As we wrote in this blog post, Visual Installer now supports both SHA-1 and SHA-2 hash algorithms when it code signs setup packages. But maybe you wonder what this really means and what the difference is between SHA-1 and SHA-2? We will give a short explanation below.
SHA (in SHA-1 and SHA-2) is an acronym for Secure Hash Algorithm. SHA-1 and SHA-2 is a set of cryptographic hash functions designed by NSA. Cryptographic hash functions are mathematical operations run on digital data, and by comparing a computed “hash” (the output from an execution of the algorithm) to a known and expected hash value, it is possible to determine the integrity of the data. For example, computing the hash of a downloaded file and comparing the result to a known hash result can show if the downloaded file has been modified or tampered with since it was created.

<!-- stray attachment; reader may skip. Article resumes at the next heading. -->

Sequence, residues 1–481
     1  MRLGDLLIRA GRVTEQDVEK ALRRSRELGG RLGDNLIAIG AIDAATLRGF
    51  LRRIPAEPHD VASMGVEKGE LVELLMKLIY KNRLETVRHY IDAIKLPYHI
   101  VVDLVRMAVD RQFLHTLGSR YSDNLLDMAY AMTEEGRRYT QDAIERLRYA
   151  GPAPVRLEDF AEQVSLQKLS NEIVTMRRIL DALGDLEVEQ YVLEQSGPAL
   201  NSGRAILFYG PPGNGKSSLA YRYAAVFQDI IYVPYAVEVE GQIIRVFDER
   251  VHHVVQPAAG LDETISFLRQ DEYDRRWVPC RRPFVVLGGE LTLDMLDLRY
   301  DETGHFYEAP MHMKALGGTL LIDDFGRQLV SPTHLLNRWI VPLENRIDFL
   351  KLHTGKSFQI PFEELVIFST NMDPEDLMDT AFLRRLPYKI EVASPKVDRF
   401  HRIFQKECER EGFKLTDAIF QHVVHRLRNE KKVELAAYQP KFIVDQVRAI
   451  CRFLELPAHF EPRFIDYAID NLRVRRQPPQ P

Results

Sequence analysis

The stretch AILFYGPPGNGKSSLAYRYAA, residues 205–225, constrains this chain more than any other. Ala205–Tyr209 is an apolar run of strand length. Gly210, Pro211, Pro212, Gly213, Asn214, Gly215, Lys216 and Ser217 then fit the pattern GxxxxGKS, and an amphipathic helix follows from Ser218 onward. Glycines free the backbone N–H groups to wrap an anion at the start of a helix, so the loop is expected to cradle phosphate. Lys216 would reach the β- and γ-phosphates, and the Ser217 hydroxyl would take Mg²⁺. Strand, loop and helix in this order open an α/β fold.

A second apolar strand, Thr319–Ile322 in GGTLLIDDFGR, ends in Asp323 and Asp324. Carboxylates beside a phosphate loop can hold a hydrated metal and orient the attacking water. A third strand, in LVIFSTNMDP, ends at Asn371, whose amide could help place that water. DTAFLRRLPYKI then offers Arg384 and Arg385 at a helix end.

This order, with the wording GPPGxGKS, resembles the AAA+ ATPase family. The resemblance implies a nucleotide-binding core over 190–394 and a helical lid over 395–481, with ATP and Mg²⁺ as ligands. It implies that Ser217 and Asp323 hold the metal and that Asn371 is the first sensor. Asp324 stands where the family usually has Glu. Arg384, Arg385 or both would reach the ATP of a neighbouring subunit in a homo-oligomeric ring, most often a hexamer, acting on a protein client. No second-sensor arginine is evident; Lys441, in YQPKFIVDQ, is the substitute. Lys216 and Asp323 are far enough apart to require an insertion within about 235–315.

SHA-1 is older than SHA-2 and it is no longer considered as secure. Operating systems (as Windows) and web browsers will soon not accept SHA-1 anymore. Instead must SHA-2 be used. SHA-2 is a family of six hash functions and one of them is SHA-256, which is commonly used when code signing binary files (for example program files, DLL files and setup packages). SHA-256 produces a 256 bit hash value. That is more than the older SHA-1, that only produces a 160 bit hash value.